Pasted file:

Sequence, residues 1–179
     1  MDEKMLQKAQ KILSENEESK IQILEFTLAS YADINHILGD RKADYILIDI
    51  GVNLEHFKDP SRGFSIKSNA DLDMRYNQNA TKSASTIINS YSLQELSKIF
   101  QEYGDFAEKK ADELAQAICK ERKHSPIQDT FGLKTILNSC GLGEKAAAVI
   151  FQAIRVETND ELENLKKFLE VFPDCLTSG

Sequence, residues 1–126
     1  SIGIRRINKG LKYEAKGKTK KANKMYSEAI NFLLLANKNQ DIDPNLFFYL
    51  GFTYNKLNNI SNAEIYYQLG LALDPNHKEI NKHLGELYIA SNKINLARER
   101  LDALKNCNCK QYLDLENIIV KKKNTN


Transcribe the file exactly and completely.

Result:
Sequence, residues 1–179
     1  MDEKMLQKAQ KILSENEESK IQILEFTLAS YADINHILGD RKADYILIDI
    51  GVNLEHFKDP SRGFSIKSNA DLDMRYNQNA TKSASTIINS YSLQELSKIF
   101  QEYGDFAEKK ADELAQAICK ERKHSPIQDT FGLKTILNSC GLGEKAAAVI
   151  FQAIRVETND ELENLKKFLE VFPDCLTSG

Sequence, residues 1–126
     1  SIGIRRINKG LKYEAKGKTK KANKMYSEAI NFLLLANKNQ DIDPNLFFYL
    51  GFTYNKLNNI SNAEIYYQLG LALDPNHKEI NKHLGELYIA SNKINLARER
   101  LDALKNCNCK QYLDLENIIV KKKNTN